As assistant director of the Georgia State Law Center for Access to Justice, Darcy Meals believes that her job is to get law students out of the textbooks and into the community. The center houses the Public Interest Law & Policy certificate, Pro Bono Program and Alternative Spring Break, giving students the opportunity to use their classroom skills to help people in underserved communities.
Service has been the cornerstone of Meals’ legal career, which began at the Williams Institute, a thinktank at the University of California, Los Angeles focused on sexual orientation and gender identity law and policy. Once she enrolled at UCLA School of Law, she specialized in public service through the David J. Epstein Public Interest Law & Policy Program. Here, she talks about the importance of service and how “it only takes two hours to make a difference in someone’s life.”
Tell me about your transition from traditional law practice to academia.
My first job after law school was working for a federal judge in Baltimore, and I got to see a range of legal practice. After I worked for the judge, I worked at a law firm for a few years. I learned a lot at the firm, but I had this pull to be more engaged with the community. Four years ago, when I saw that the Center for Access to Justice was opening, I was excited to get involved at the ground level. It was coming back to those roots from the Williams Institute, but with the benefit of having gone to law school myself.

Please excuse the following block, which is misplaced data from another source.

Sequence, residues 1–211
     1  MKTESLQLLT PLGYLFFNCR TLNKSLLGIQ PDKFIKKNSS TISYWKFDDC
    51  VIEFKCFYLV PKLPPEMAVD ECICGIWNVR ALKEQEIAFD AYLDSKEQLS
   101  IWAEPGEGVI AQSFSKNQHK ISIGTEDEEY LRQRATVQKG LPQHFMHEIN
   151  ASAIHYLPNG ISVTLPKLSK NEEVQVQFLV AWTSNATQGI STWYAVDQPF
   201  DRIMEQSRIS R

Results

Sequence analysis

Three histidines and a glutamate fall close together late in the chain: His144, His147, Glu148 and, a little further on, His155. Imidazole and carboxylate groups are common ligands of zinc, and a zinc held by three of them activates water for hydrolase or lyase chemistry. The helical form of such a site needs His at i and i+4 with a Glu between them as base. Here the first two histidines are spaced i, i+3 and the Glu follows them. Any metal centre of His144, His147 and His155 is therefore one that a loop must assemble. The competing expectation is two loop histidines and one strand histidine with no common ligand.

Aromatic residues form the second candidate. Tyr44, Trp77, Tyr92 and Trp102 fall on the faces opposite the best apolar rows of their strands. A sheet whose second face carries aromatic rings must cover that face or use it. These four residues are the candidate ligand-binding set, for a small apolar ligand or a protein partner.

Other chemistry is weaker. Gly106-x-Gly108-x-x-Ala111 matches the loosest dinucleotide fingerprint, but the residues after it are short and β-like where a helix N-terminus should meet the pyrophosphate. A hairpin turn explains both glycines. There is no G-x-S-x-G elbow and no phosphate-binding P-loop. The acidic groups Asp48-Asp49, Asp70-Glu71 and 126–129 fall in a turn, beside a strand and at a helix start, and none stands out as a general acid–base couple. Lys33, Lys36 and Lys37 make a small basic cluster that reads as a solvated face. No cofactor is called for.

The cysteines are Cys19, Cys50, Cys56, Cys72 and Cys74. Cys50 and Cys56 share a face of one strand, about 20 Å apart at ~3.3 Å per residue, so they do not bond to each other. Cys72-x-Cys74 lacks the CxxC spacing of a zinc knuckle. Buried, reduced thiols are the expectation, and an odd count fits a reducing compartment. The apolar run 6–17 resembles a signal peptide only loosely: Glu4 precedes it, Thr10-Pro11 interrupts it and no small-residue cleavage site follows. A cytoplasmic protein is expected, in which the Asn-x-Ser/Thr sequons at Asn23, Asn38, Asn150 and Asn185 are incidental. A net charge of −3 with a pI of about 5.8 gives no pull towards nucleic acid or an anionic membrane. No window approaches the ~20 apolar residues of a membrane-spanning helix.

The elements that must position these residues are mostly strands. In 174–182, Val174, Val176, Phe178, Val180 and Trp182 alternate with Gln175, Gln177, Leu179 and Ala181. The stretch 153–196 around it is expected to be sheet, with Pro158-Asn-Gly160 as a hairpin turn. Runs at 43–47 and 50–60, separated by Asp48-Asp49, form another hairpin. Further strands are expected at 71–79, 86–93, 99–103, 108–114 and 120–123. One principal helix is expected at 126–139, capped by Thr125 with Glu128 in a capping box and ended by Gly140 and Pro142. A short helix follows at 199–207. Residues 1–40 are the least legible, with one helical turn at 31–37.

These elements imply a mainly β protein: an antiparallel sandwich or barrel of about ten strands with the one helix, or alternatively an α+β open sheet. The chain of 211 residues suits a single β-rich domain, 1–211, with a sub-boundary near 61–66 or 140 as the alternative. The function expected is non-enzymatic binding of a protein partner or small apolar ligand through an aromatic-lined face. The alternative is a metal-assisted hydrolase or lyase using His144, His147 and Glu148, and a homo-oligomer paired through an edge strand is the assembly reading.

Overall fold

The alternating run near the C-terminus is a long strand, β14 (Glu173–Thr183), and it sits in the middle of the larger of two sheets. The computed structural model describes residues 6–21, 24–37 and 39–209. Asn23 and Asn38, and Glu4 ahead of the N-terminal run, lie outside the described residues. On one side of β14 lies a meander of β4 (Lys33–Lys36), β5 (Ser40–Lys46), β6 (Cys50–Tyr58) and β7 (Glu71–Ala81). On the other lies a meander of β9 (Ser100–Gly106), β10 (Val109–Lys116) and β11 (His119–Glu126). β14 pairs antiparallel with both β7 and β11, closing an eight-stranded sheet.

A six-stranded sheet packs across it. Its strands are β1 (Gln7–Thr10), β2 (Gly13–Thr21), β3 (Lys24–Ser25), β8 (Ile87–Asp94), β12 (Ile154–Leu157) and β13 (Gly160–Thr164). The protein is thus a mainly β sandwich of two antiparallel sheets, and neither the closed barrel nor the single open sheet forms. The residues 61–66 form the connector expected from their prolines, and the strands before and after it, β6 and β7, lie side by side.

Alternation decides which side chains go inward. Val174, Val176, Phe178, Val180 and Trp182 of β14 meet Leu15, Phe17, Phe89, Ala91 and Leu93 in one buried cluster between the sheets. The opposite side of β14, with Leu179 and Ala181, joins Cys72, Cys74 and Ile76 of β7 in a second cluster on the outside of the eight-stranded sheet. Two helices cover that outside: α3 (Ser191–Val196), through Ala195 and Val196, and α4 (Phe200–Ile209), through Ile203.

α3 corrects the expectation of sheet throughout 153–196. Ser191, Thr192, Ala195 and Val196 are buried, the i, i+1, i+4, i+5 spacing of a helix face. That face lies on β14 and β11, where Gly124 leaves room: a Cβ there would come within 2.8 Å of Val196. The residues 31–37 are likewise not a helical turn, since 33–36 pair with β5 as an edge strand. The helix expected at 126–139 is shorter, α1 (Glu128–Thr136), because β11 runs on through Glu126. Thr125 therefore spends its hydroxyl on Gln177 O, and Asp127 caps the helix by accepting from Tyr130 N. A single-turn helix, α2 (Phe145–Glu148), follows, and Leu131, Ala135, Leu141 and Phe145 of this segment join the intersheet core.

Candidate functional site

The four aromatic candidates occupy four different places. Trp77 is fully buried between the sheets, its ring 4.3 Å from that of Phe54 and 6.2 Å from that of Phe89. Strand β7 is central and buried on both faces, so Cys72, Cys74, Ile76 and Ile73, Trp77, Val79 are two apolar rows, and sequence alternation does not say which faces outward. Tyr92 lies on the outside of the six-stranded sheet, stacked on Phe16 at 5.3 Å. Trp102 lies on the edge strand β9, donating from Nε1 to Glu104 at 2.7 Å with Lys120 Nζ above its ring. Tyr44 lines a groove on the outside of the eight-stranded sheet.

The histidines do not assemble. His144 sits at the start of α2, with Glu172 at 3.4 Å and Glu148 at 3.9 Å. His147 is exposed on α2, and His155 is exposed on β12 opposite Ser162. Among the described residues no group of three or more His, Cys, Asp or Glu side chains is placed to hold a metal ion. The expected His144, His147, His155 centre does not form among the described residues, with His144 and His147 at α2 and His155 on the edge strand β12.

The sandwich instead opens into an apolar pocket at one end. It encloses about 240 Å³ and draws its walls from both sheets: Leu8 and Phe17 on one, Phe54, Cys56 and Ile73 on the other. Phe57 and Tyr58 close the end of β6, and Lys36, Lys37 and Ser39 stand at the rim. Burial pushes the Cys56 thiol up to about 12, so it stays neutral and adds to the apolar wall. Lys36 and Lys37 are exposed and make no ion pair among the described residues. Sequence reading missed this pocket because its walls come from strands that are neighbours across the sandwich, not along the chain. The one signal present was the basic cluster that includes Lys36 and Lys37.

One of the things the center has become known for is the Pro Bono Program. How does pro bono work help students build good lawyering skills?
Working in a law firm context, a pro bono case is usually a young associate’s first chance to see something through from start to finish. The Pro Bono Program gives students a taste of that while they’re still in law school. It lets them know that even in two hours, they can make a difference for people. Even if they don’t go into public interest law, they can find two hours to write a demand letter, or sit with someone as they’re filling out paper work, and to that person it makes a tremendous difference.
How has the Pro Bono Program changed or pivoted during COVID-19?
We created a virtual opportunities bank, and we’ve also been able to develop new partnerships. Law students helped an organization called Probation Information conduct a 50-state survey on probation requirements. And, we supported voting rights alongside Asian Americans Advancing Justice. Some students lost their summer internships due to COVID-19, so they have been looking for ways to get experience. We have been able to provide opportunities to help fill that gap.
What is a legal issue that you believe more people should be paying attention to?
One in general is the criminalization of poverty. People end up in jail because they can’t pay the fines and fees associated with their convictions, or they’re in jail to begin with because of panhandling or loitering, which is a fact of homelessness and shouldn’t necessarily be a crime. In the context of the pandemic, we’re about to see an unprecedented housing crisis. People across the country have lost their jobs and aren’t able to pay their rent. Evictions have been stayed for the most part, but once those stays are lifted, it’s going to be crushing. If policymakers act now, they could do a lot to stem that tide.
As you all continue to grow and develop, what do you hope the center will become?
We want to be a hub for research, community education, and law student training for what it looks like to navigate the justice system as an underrepresented person in the South. We want to bring numbers to discussions that can sometimes be political, heated, and stray from people’s lived experience. I hope that students who engage with the center will leave with an understanding of their own ability and responsibility to affect change.
Interview by Kelundra Smith